Sheila Choad's Los Angeles Face had Maya Rudolph in the titular role to host a talk show devoted to Botox and the Botox lifestyle, mainly this was the females of the cast and our host talking like rich snobs with exaggerated lip make up.
The was followed by a second installment of the Grayson-Moorhead Securities fake ads where, this time, Jim Downey shared how his clients may have lost all their money, but they did gain the knowledge of failure. We did also get to see their before picture to highlight the horrible change.
Hot Plates took place in a restaurant where despite waiter, Horatio Sanz’s warning that the plates were too hot to touch, every single person from a group of friends had to feel the thing to see for themselves only to end up with significant burns. I’m mean, we’re talking a plate so hot that it was literally on fire while at the table.
Debbie Downer then returned for another segment where once again, Rachel Dratch as Debbie brought down the room with her depressing facts, this time while acting as Hilary Swank’s childhood nanny who, for some reason, was Swank’s guest to the Academy Award Ceremonies.
50 Cent then took to the stage with Olivia to perform Candy Shop.
Once again, Tina Fey and Amy Poehler gave us the news. This week, Fred Armisen took to the streets in a prerecorded segment to interview the people on the street about the temporary art installment called the Central Park Gates. It turned out ***. Finesse Mitchell also dropped by as Morgan Freeman in order to announce that he wanted more lovemaking scenes in the future roles that he takes.
Seasons Of Love had Hilary Swank as an actress who’s cry style was so horrific that they had to bring in Rachel Dratch who played Hollywood’s number one cry coach.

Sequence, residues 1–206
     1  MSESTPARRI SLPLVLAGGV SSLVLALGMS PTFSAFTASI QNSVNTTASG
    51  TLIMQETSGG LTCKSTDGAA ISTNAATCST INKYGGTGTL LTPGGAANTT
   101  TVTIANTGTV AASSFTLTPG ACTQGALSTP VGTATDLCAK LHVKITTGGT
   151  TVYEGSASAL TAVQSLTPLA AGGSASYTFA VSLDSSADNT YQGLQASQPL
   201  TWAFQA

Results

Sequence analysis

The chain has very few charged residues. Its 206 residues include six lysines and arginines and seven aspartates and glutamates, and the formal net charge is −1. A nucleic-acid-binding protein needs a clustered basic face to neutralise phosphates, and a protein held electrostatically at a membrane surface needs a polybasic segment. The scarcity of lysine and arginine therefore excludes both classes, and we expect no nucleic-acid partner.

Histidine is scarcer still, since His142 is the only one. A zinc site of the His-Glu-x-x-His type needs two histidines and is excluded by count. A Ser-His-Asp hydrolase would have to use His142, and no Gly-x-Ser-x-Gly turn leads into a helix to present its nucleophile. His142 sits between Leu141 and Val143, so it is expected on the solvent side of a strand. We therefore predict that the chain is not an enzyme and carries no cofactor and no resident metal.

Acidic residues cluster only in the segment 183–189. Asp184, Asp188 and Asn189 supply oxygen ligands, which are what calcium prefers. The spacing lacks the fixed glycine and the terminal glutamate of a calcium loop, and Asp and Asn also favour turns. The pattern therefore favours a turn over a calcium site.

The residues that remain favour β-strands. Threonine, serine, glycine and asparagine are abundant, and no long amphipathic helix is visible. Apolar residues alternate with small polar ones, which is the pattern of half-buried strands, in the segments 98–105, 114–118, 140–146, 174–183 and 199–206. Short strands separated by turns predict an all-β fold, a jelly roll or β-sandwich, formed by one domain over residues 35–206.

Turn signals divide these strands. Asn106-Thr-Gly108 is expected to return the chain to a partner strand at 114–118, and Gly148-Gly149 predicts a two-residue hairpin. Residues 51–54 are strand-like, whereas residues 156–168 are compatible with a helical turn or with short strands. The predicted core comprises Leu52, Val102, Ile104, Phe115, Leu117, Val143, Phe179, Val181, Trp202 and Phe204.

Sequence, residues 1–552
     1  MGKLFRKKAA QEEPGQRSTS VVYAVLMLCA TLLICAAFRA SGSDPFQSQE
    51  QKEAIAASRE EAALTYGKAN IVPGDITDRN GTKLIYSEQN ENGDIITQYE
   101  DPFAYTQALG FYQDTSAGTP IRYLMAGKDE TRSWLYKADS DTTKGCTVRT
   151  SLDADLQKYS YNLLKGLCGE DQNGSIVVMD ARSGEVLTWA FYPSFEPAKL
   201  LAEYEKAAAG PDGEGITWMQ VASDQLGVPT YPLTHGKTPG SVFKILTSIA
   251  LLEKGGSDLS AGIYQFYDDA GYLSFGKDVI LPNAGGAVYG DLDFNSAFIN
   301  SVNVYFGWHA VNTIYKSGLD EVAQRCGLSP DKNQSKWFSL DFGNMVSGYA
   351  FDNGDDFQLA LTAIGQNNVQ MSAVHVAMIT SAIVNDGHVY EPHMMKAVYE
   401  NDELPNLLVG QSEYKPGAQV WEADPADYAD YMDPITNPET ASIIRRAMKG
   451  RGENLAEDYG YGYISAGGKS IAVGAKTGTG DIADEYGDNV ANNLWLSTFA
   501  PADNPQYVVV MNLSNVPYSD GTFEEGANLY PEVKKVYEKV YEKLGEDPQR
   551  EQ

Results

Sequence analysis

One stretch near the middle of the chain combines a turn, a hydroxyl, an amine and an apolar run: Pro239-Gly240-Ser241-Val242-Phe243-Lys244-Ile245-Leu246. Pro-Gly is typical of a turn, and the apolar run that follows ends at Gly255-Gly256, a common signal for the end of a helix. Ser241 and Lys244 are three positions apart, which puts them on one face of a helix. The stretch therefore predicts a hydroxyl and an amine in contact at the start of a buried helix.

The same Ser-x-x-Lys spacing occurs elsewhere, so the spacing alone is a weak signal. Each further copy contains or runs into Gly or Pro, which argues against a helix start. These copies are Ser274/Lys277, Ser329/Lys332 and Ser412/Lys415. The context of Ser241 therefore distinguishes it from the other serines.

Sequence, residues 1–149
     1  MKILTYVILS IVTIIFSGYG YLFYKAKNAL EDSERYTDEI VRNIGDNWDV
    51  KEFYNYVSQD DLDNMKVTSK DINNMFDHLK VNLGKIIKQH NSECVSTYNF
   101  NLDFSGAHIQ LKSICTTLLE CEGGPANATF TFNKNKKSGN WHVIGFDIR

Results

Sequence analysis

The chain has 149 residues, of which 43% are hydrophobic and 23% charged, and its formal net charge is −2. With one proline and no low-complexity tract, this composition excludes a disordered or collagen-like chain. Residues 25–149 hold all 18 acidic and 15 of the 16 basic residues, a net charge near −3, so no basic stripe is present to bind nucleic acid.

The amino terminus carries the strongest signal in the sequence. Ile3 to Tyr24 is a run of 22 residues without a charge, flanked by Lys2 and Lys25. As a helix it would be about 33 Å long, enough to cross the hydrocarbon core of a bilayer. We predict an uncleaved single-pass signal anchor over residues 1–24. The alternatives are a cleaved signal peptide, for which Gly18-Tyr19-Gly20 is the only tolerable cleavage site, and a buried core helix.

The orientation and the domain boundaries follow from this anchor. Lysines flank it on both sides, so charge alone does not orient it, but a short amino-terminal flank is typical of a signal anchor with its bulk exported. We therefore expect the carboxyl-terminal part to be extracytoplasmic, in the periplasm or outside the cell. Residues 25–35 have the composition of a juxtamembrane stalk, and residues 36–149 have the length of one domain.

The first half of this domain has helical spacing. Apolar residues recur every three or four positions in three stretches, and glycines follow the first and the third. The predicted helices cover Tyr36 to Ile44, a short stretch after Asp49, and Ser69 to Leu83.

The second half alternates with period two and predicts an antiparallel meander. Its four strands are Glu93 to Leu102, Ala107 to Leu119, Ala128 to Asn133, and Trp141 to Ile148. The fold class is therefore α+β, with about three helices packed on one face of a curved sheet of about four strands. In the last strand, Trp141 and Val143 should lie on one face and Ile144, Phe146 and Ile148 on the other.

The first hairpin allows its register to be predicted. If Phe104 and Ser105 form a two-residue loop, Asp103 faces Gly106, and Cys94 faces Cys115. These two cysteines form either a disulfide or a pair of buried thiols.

City Court With Aaron Neville was the first time we got to see Horatio Sanz and the pumped up singer played the new ratings stunt judge for a daytime court show. This show’s spin was that Neville didn’t know a single thing about the law but, boy, could he croon his ass off.
After the Grammys had Maya Rudolph as Jennifer Lopez and Fred Armisen as Marc Anthony to continue singing late into the night long after the award show was over as they put on a show of their own when they got home from the event.
50 Cent then took to the stage alone to perform Disco Inferno.
We then got a parody of Project Runway where Hilary Swank played Heidi Klum to host a design challenge where the contestants had to create a line of clothing for KFC’s Colonel Sanders.
Finally, Hilary Swank closed the show by thanking the audience and saying her goodnights.
Sorry for such a short review but as I said above this show left feeling very uninspired because it was good enough to be average with some funny scenes like the ones from these three sketches that contained my favorite moments of the night. First, I loved City Court With Aaron Neville because it made me realize why I always found Aaron Neville impersonation to be so funny, even though I was barely aware of the real man. I now think that I’m old enough to where there was no Mike Tyson when I was a kid, so Aaron Neville was the first big tough looking guy that I ever witnessed who had such a high voice and wasn’t just joking around. I know, duh, I get why people did his impersonation, I'm just now realizing that he was the first for me. Next, I really liked the Hot Plates sketch because who hasn’t been burnt by grabbing a hot plate after a waiter’s warning. Finally, I was a fan of the Project Runway parody but more because I like the real version of the show, so it was fun to see it lampooned.